Moreover, modern antivirus software doesn’t just rely on known signatures. They use sophisticated machine learning algorithms to identify abnormal behaviours or characteristics that might suggest new or evolving ransomware.

This is particularly crucial, given how quickly cybercriminals develop new forms of attack.

Though ransomware attacks are a real and growing threat in our digital world, you’re not defenceless. Take the first step towards fortifying your defences by investing in reliable antivirus software today.

2 – Phishing Scams: A Deep Dive Into Online Fraud

man in hoodie with face hidden working on a laptop

Phishing scams are one of the most common cyber threats out there, using tricks and illusions like email spoofing to steal your credentials. Usually, they will masquerade as a familiar figure, such as a service provider, a bank, or even a colleague in your inbox.

For the average home-user, anti-virus software is a must.

Kevin Mitnick

Here’s a rundown of the different disguises they wear:

Caught in the Net: Deceptive Phishing

Deceptive phishing is the most common type. It involves getting an email that seems to be from a well-known company, but it’s not. It’s a scammer in disguise.

They lure you to click a link, which leads to a fake website where they can steal your login details or other sensitive information.

An example is scammers who frequently purport to be from the Australian Taxation Office (ATO). In October 2021, fraudsters emailed individuals, claiming that they were eligible for a tax refund.

They requested that the recipients fill out a form attached to the email with their financial details to facilitate the refund process.

Targeted Attacks: Spear Phishing

Spear phishing attacks are notably more tailored than generic phishing campaigns. Instead of casting a wide net, cybercriminals narrow their focus on specific individuals or companies.

Armed with details—maybe your recent online purchase or a project at your workplace—they craft seemingly genuine emails.

On 9th November 2018, a senior employee at the Australian National University (ANU) received a phishing email from hackers, which a colleague of theirs previewed. This gave the hackers access to the username, password, and calendar of the senior staff member.

They proceeded to send out a series of emails to 10 individuals at ANU, accessing a directory containing emails, phone numbers, and job titles of people at the institution.

As a result, they obtained the username and password of a network administrator. This allowed them to extend their attack.

The university was finally able to kick the hackers out of the network on December 21, though the full extent of the attack was undetermined.

Reeling in the Giants: Whaling

Whaling attacks, as the name suggests, target the “whales” of an organisation: the top executives or high-ranking officials.

These are not your average phishing attempts; they are meticulously planned operations, often involving in-depth research on the target. The endgame usually involves extracting large sums of money or gaining access to sensitive corporate information.

For instance, in 2016, a finance executive at an Austrian aerospace firm FACC AG fell victim to a whaling attack that cost the company over €50 million.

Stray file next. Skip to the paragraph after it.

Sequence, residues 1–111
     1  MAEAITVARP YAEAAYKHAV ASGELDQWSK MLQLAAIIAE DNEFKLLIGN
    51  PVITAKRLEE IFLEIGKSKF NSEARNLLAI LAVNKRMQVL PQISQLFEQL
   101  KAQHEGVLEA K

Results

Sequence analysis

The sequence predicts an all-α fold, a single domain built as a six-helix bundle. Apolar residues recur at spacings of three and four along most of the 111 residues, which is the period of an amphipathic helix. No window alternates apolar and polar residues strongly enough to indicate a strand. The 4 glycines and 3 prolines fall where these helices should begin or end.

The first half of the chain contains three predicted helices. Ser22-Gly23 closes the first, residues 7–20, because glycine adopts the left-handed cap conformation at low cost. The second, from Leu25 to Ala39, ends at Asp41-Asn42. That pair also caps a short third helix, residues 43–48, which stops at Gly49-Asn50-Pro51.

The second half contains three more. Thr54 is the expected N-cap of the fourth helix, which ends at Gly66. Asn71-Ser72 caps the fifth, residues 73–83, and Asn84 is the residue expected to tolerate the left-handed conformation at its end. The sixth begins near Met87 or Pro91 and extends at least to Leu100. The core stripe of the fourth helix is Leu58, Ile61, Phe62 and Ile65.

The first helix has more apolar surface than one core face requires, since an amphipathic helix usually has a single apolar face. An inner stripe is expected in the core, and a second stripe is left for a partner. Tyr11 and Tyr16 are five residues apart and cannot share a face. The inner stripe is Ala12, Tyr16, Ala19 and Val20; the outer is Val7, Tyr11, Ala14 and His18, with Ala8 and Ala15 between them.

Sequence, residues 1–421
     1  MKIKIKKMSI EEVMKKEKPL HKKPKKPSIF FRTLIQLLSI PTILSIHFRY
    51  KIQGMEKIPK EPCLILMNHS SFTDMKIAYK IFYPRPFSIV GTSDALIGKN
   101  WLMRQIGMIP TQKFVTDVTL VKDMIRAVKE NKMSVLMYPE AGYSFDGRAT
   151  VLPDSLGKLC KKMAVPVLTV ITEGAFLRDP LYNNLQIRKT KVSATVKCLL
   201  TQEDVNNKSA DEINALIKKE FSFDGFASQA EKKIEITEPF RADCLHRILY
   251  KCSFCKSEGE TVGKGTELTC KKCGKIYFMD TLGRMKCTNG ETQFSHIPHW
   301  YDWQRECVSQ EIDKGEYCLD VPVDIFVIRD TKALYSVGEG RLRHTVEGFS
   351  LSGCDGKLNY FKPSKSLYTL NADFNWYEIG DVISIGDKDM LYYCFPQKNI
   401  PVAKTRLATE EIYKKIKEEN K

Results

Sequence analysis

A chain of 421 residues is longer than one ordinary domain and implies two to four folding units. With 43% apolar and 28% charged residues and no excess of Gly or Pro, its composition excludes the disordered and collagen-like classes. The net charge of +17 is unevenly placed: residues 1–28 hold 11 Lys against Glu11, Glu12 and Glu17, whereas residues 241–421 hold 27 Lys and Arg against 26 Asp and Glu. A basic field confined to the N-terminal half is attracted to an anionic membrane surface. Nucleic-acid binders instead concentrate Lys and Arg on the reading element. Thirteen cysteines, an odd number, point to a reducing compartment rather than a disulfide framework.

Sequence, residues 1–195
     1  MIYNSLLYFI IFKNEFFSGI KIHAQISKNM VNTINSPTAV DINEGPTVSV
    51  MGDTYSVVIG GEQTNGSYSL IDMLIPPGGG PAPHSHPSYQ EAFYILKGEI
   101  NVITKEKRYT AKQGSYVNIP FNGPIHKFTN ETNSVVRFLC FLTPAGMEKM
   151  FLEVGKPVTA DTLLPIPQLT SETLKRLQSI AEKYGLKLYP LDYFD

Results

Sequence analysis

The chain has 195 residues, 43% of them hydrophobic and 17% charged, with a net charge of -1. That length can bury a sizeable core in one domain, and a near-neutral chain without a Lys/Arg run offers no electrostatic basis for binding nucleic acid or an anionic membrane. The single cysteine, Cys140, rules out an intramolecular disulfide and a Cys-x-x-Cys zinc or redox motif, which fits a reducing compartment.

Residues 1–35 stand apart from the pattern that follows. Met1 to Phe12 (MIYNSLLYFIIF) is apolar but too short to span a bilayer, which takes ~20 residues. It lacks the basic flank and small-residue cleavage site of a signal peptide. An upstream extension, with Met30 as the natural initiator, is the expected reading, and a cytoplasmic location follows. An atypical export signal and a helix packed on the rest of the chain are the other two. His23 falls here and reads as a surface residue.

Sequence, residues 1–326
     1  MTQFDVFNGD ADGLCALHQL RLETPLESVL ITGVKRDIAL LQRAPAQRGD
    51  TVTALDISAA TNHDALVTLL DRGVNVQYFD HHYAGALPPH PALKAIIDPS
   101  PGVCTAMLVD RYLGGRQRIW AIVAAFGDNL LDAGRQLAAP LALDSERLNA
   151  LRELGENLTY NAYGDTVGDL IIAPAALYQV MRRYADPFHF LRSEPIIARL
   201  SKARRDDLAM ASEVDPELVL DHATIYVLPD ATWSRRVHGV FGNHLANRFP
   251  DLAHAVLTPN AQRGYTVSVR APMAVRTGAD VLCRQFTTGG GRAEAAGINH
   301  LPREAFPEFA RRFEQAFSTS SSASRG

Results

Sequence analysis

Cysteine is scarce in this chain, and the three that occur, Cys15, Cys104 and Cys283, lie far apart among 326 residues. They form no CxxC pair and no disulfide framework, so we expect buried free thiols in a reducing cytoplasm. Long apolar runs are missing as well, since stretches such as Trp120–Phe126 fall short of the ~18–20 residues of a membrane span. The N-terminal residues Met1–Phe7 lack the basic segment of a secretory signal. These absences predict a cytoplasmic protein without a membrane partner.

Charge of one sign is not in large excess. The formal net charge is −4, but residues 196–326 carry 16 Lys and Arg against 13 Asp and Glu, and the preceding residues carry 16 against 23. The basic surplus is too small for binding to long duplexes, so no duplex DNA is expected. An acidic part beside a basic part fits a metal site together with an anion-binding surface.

The scammer posed as the then CEO, Walter Stephan, requesting a significant financial transfer for a supposed “acquisition project”—highlighting the grave repercussions of such sophisticated scams.

Along with the financial loss, the organisation let go of the staff involved including the executive who sent the money, the CFO, and CEO Walter Stephan.

During this incident, FACC managed to block €10 million from being transferred. This amount was frozen in various accounts in different countries.

However, in a 2019 interview with the management board, CFO Aleš Stárek revealed that the process of returning the frozen funds to Austria was still ongoing and likely to continue beyond 2020.

This illustrates the crippling consequences of whaling attacks.

Phishing emails can sometimes be hard to spot, but there are a few common signs you can look out for:

  • Unfamiliar senders: The email comes from someone you don’t know or an organisation you don’t have a relationship with.
  • Urgent action required: Often, these emails create a sense of urgency, saying you need to act quickly to avoid a consequence like a closed account or a penalty.
  • Spelling and grammar errors: These are common in phishing emails, as many originate from non-English speaking countries.
  • Mismatched URLs: If you hover over a link in the email (but don’t click!), the actual URL may be different from the one displayed in the email.
  • Requests for personal information: Legitimate organisations generally don’t ask for sensitive information via email.

So, how do we protect our privacy and identity? By staying alert. Any email that looks suspicious or comes from an unknown sender should be a red flag. Especially if it has an attachment or a link. Don’t click on it.

Keep your antivirus software updated, too. Antivirus programs help protect against phishing through:

  • Real-time scanning: Antivirus software continually scans incoming emails for signs of phishing, such as spoofed email addresses or malicious links.
  • Link evaluation: The software can evaluate the links in an email and alert you if they lead to unsafe websites.
  • Spam filters: By automatically filtering out spam, many potential phishing emails can be removed before you ever see them.